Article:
ÆLFWEALDmAnglo-Saxon
Derived from the Old English elements ælf "elf" and weald "leader, ruler".
ÆLFWYNNfAnglo-Saxon
Means "elf joy" from Old English ælf "elf" and wynn "joy". It was borne by a granddaughter of Alfred the Great.
ÆLLEmAnglo-Saxon
Means "all, universal" in Old English. It was borne by several Anglo-Saxon kings, including the legendary first king of the South Saxons.
ÆNNIBRANTRmAncient Scandinavian
Derived from Old Norse enni "forehead" and brattr "steep".
ÆRINGUNNRfAncient Scandinavian
Combination of Ancient Scandinavian ǫrn "eagle" and gunnr "battle, fight".
ÆRINVÍfAncient Scandinavian
Old Norse name with several possible meanings. The first element can be derived from Old Norse ǫrn or ari, both meaning "eagle". It's also identical to Old Swedish ærin (Old Norse arinn) "hotbed, hearth"... [more]
ÆRNGAUTRmAncient Scandinavian
Old Norse combination of ǫrn "eagle" and gautr "goth".
ÆSAfAncient Scandinavian, Icelandic, Faroese
Ancient Scandinavian, Icelandic and Faroese variant of Ása.
ÆSCFERÐmAnglo-Saxon
Possibly means "ash spirit" from the Old English elements æsc "ash tree" and ferhð "soul, spirit, mind, life", but may be a misspelling of Æscfrið in which the second element is frið "peace".
ÆSCHEREmAnglo-Saxon, Anglo-Saxon Mythology
Derived from the Old English elements æsc "ash tree" and here "army". This name occurs in the 8th-century epic poem 'Beowulf' belonging to King Hroðgar's most trusted adviser; Æschere is killed by Grendel's mother in her attack on Heorot after Grendel's death.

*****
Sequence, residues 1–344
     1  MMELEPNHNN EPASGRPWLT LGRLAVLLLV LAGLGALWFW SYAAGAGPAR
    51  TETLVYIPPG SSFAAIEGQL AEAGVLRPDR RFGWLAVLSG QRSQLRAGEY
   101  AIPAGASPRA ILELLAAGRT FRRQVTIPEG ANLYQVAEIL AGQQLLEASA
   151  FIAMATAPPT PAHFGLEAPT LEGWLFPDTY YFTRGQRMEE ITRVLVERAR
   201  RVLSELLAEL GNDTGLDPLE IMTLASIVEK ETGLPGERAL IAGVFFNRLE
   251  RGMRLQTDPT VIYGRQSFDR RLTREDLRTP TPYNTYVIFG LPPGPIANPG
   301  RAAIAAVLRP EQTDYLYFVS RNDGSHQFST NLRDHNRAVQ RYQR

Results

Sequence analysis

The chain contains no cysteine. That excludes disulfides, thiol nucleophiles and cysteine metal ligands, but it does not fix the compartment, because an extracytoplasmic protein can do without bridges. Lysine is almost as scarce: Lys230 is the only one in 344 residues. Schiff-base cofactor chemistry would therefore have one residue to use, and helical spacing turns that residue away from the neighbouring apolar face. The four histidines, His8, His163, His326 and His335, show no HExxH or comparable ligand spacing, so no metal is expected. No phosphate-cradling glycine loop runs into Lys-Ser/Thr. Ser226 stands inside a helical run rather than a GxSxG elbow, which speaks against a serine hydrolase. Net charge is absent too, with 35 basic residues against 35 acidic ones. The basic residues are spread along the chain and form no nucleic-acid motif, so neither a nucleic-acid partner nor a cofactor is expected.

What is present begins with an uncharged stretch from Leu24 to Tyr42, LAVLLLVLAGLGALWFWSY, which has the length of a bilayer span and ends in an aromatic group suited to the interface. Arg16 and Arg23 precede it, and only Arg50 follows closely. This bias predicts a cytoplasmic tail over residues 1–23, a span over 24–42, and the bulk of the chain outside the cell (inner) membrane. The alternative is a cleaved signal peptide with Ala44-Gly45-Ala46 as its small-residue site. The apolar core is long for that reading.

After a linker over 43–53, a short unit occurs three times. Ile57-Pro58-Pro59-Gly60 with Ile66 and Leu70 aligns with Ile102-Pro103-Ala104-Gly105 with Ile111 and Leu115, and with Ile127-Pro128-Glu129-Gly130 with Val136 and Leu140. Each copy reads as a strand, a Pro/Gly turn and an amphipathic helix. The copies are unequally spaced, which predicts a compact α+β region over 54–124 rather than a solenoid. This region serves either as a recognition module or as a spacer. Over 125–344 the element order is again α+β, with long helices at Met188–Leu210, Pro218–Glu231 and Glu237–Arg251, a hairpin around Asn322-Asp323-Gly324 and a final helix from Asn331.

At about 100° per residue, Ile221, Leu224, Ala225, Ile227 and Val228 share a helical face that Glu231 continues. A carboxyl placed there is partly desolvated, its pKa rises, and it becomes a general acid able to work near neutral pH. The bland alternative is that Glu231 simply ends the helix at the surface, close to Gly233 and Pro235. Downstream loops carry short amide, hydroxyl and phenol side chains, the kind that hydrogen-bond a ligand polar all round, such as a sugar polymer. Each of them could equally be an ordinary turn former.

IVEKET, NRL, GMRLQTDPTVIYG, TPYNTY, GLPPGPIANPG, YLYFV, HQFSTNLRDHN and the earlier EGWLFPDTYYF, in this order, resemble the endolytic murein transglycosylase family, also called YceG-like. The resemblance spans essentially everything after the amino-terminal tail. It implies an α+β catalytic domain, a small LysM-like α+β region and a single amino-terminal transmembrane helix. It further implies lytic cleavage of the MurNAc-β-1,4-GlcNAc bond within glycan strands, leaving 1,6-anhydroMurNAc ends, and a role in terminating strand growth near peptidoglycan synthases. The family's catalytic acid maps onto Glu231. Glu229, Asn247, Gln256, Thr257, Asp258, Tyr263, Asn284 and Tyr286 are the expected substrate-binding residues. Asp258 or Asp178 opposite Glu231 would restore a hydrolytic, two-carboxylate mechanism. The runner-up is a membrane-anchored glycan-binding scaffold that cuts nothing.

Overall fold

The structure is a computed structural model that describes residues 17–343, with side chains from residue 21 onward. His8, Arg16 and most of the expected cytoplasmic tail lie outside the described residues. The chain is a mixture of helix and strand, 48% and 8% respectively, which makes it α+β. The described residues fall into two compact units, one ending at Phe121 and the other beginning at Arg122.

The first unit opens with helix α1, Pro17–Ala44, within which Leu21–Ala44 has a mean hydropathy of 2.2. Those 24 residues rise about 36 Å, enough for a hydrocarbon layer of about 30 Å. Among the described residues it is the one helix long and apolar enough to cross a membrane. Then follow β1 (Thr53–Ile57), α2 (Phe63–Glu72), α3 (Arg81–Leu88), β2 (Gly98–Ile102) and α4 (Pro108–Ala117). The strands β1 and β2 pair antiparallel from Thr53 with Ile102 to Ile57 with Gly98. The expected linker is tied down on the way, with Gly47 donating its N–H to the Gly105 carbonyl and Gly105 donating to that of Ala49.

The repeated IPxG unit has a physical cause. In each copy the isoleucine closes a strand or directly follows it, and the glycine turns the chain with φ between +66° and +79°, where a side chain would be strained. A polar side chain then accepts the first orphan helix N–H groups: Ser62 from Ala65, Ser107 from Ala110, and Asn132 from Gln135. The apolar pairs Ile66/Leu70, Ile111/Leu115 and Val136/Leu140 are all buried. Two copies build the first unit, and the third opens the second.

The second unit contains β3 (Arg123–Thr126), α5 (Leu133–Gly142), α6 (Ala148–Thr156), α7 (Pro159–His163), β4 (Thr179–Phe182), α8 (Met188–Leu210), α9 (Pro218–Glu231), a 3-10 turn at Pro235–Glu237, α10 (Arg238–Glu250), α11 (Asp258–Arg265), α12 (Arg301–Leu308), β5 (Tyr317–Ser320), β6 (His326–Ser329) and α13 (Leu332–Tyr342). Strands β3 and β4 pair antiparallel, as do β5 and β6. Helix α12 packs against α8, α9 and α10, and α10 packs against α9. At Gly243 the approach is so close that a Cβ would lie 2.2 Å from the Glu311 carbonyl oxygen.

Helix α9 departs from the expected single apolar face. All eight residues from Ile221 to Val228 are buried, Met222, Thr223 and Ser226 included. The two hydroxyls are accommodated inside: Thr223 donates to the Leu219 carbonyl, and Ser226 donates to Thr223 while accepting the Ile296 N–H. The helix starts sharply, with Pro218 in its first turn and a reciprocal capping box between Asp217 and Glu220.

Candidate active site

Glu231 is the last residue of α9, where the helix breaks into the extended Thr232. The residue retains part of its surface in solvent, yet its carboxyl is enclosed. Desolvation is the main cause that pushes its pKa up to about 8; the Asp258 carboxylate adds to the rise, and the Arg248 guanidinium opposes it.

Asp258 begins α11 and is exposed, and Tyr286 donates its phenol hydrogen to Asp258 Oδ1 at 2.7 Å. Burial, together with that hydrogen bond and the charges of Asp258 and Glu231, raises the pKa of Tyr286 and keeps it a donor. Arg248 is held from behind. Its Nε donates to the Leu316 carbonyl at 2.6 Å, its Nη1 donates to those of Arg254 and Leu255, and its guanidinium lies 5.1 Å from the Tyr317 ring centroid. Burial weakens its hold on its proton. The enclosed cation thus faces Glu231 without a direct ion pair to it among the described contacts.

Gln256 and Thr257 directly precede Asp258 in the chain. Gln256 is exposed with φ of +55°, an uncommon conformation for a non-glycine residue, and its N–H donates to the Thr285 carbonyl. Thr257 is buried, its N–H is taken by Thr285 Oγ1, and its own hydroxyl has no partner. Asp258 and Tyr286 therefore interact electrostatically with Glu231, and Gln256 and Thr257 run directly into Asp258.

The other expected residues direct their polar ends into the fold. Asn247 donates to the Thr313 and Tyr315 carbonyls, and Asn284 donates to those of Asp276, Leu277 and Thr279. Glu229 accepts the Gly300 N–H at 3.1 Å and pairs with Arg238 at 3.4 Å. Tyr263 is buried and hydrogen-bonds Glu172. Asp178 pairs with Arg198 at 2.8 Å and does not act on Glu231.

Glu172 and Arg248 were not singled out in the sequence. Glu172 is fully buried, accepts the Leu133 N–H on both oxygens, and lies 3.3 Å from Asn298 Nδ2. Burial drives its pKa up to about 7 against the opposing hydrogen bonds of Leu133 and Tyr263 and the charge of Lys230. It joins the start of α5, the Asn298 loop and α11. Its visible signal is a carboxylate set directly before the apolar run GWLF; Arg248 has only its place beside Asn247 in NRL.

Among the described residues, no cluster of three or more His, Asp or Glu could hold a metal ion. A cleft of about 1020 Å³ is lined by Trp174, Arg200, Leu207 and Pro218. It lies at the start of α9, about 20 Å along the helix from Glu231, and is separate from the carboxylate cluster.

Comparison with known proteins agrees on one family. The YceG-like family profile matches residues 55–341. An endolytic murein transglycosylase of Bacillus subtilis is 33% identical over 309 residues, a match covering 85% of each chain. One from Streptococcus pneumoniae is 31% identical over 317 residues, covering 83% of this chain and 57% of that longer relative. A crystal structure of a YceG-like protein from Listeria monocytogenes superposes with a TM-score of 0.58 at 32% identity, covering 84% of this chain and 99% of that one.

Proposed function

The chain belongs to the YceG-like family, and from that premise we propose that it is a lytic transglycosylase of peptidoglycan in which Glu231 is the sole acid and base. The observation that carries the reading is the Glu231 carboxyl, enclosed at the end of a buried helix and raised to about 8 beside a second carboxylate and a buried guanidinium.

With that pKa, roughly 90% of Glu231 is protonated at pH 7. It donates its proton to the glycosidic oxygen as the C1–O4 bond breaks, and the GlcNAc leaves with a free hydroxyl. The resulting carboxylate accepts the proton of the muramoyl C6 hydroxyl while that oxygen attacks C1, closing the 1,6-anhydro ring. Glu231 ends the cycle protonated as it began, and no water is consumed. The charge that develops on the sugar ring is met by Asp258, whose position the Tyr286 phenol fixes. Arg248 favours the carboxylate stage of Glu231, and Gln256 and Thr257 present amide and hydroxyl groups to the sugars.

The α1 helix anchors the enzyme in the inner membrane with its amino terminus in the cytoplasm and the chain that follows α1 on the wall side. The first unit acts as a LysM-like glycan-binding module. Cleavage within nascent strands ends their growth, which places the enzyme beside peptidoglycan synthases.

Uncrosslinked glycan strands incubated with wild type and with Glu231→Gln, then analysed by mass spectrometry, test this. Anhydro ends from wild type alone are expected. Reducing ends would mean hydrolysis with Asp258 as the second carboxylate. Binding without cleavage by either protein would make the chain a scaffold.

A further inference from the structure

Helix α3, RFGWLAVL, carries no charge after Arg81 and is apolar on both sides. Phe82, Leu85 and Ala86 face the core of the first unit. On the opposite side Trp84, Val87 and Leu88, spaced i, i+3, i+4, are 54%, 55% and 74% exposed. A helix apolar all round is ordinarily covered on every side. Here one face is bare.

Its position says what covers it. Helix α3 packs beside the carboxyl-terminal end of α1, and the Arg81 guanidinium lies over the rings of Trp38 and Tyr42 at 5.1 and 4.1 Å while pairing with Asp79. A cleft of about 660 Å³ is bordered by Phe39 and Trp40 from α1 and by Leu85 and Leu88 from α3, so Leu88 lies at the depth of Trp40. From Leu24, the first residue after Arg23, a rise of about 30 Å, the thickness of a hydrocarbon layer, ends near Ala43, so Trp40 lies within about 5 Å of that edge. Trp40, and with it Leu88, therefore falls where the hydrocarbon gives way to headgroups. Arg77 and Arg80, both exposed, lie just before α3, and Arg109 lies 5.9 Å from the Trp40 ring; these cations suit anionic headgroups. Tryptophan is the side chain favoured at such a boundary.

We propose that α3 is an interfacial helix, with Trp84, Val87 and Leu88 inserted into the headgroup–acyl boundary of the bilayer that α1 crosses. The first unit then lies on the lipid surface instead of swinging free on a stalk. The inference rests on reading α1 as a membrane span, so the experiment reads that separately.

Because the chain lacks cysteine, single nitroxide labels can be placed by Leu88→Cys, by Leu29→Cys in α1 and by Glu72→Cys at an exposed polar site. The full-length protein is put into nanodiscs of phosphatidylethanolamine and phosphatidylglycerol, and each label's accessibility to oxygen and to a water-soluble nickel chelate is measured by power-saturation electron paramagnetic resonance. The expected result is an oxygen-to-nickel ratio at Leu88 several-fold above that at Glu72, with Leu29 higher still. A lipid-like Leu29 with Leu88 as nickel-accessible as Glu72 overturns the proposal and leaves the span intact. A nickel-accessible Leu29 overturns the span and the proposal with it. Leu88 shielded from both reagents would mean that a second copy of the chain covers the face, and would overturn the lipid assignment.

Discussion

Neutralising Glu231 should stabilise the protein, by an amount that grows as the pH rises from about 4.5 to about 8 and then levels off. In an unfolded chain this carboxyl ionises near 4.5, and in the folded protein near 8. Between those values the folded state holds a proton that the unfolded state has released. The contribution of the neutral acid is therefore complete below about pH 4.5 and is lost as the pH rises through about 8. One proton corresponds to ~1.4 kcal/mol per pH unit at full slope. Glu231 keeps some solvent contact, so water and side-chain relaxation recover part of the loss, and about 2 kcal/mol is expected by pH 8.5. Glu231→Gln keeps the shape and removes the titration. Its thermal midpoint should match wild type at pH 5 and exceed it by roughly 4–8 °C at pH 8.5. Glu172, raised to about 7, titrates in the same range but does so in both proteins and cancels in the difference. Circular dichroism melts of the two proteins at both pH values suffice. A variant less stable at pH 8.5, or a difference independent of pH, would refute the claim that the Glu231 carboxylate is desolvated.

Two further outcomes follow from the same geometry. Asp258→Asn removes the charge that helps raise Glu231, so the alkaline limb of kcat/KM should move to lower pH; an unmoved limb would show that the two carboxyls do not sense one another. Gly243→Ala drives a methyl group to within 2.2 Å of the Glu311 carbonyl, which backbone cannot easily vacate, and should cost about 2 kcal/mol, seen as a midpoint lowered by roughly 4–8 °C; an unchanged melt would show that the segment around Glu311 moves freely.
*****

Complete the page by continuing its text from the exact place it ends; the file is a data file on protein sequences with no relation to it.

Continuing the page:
ÆSCWINEmAnglo-Saxon
Derived from the Old English elements æsc "ash tree" and wine "friend".
ÆSCWULFmAnglo-Saxon
Derived from the Old English elements æsc "ash tree" and wulf "wolf".
ÆÐELBEALDmAnglo-Saxon
Old English cognate of Adalbald.
ÆÐELGARmAnglo-Saxon
Means "noble spear" from Old English æðel "noble" and gar "spear". It is a cognate of Adalgar.
ÆÐELGIFUfAnglo-Saxon
Means "noble gift", from the Old English elements æðel "noble" and giefu "gift".
ÆÐELGYÐfAnglo-Saxon
Derived from the Old English elements æðel "noble" and gyð "war". It is a cognate of Adalgund. This was the name of an Anglo-Saxon saint (Æthelgyth of Coldingham).
ÆÐELHEARDmAnglo-Saxon
Old English cognate of Adalhard.
ÆÐELHEREmAnglo-Saxon
Derived from the Old English elements æðel "noble" and here "army".
ÆÐELHILDfAnglo-Saxon
Derived from the Old English elements æðel "noble" and hild "battle".
ÆÐELMUNDmAnglo-Saxon
Old English cognate of Adalmund.
ÆTHELWALDmAnglo-Saxon, History
Variant of Æthelweald. Also compare Æthelwold. A known bearer of this name was Æthelwald Moll, an 8th-century king of Northumbria.
ÆTHELWEALDmAnglo-Saxon
Variant spelling of Æþelweald, which itself is a variant form of Æðelweald, an Anglo-Saxon masculine name that is composed of Old English æðel meaning "noble" and Old English weald meaning "power, leader, ruler".... [more]
ÆTHELWINmAnglo-Saxon, Medieval English